standard language to enable us to process such actions quickly.
FDIC Year 2000 Supervisory Corrective Programs and Enforcement Actions
against Service Providers as of March 31, 1999
Type of Action
Memorandum of Understanding
Formal Enforcement Actions
aThese actions were issued jointly with the other FFIEC agencies.
PHASE III SUPERVISORY STRATEGY
On April 1, 1999, the FDIC and the other banking agencies, began Phase III of our Year
2000 supervisory assessment program. This phase will focus on the following:
By June 30, 1999, financial institutions' testing of mission-critical systems should be
complete and implementation of mission-critical systems should be substantially complete.
By June 30, 1999, financial institutions should have substantially completed the
development of their business resumption contingency plans and designed a method of
validation so the plans can be tested for effectiveness and viability.
Financial institutions should have identified their material customers and should have
evaluated their Year 2000 readiness in order to assess their risk to the institution.
Financial institutions should be communicating with their customers about their Year
During Phase III, for those institutions with a Satisfactory assessment rating, FDIC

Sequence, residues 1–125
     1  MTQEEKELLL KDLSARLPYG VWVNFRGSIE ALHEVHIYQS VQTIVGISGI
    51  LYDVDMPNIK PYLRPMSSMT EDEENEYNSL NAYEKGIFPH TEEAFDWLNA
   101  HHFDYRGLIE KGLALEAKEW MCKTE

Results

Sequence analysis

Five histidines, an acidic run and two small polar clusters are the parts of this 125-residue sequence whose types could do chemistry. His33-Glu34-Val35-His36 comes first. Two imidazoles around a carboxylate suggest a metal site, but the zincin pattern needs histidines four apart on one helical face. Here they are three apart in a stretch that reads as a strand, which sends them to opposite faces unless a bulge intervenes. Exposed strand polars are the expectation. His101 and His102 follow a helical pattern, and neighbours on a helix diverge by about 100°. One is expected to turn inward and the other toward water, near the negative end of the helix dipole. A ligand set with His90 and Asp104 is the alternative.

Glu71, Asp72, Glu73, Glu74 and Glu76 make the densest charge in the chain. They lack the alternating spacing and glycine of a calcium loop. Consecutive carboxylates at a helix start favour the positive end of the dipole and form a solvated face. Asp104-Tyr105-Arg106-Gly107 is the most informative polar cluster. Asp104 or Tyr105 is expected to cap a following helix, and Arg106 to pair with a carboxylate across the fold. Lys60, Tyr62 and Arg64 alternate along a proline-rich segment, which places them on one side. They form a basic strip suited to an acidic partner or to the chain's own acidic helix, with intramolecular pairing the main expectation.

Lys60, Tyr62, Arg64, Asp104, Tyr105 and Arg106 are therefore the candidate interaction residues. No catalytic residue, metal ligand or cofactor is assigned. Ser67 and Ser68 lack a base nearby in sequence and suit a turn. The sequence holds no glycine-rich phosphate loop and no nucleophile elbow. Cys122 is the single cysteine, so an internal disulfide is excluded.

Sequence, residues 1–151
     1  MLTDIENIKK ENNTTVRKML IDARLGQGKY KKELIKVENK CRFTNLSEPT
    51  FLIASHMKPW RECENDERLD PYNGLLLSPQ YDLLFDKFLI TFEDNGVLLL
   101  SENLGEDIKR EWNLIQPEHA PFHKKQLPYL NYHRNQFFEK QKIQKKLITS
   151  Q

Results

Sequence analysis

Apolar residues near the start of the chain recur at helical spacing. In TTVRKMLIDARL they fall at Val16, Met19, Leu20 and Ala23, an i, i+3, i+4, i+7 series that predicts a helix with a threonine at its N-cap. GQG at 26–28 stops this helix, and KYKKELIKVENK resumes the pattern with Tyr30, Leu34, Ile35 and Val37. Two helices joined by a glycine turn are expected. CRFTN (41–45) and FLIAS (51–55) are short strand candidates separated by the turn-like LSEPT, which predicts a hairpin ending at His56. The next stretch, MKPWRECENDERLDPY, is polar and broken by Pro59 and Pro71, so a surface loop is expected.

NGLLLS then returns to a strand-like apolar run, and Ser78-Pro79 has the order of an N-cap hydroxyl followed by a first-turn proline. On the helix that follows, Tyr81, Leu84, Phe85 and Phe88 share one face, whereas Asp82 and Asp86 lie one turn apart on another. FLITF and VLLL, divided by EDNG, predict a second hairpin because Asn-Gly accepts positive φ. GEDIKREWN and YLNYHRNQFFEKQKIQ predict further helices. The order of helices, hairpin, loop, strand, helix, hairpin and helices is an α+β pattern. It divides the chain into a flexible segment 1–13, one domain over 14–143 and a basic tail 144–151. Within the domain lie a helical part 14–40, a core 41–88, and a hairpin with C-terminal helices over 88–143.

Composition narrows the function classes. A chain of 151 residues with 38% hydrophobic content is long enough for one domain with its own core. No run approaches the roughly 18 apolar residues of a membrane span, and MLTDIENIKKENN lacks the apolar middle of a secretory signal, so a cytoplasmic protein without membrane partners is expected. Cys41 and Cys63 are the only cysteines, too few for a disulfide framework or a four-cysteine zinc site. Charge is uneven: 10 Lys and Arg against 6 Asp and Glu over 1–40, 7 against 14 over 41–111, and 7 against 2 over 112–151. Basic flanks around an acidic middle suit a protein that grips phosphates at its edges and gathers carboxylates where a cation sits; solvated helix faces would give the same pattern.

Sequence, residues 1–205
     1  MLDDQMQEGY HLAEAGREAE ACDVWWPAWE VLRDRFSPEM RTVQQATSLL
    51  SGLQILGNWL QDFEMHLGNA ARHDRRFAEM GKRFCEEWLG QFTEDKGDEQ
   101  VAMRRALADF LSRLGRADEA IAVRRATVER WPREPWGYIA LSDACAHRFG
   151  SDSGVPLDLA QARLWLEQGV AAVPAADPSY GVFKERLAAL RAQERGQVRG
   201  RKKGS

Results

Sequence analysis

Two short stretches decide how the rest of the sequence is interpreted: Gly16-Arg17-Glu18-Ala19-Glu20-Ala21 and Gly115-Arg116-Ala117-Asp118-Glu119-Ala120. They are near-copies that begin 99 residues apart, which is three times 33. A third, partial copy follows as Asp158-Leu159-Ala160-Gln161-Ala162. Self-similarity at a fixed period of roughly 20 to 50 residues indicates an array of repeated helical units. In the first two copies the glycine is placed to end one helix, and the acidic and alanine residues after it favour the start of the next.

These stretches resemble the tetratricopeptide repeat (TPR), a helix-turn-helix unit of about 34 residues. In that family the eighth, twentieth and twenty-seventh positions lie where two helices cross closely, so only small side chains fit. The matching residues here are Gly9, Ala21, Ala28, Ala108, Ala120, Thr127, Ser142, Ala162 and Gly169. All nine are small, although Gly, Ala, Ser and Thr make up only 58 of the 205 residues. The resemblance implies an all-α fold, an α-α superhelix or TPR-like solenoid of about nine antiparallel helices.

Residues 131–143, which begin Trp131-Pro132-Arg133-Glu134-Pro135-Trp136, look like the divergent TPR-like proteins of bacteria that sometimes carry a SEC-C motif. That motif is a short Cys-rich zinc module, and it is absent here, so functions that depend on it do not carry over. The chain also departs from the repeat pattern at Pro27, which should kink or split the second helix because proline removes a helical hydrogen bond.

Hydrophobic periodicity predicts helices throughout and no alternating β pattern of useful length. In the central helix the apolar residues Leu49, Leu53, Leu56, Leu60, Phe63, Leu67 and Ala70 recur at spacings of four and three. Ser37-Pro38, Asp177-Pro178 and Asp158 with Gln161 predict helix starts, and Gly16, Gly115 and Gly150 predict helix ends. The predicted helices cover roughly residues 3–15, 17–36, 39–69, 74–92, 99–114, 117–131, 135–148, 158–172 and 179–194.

examiners will either visit or telephone their management at least every 90 days. For
every institution rated less than Satisfactory, examiners will go on-site every 90 days,
or more frequently if necessary, to monitor progress and ensure that deficiencies are
corrected. At a minimum, a follow-up phone contact with their management will be made to
these institutions within 45 days of the on-site assessment. In addition, we will visit
on-site every 90 days, and contact every 45 days, those entities with a composite CAMELS
rating or management component rating of 4 or 5.
Certain institutions that play a critical role in the regional financial
structuresuch as those with extensive interstate or intrastate operations (or both),
significant retail operations, large merchant processing volume, or large funds transfer
volumealso will receive an on-site assessment. The exclusion of any institution with
deposits over one billion dollars as of December 31, 1998, must be justified in writing.
FDIC examiners will conduct an on-site assessment at any financial institution that has
converted any or all of its mission-critical systems during Phase III after the conversion
is completed and tested. Service providers and software vendors will continue to be
contacted every 90 days. If circumstances warrant, we will contact institutions, and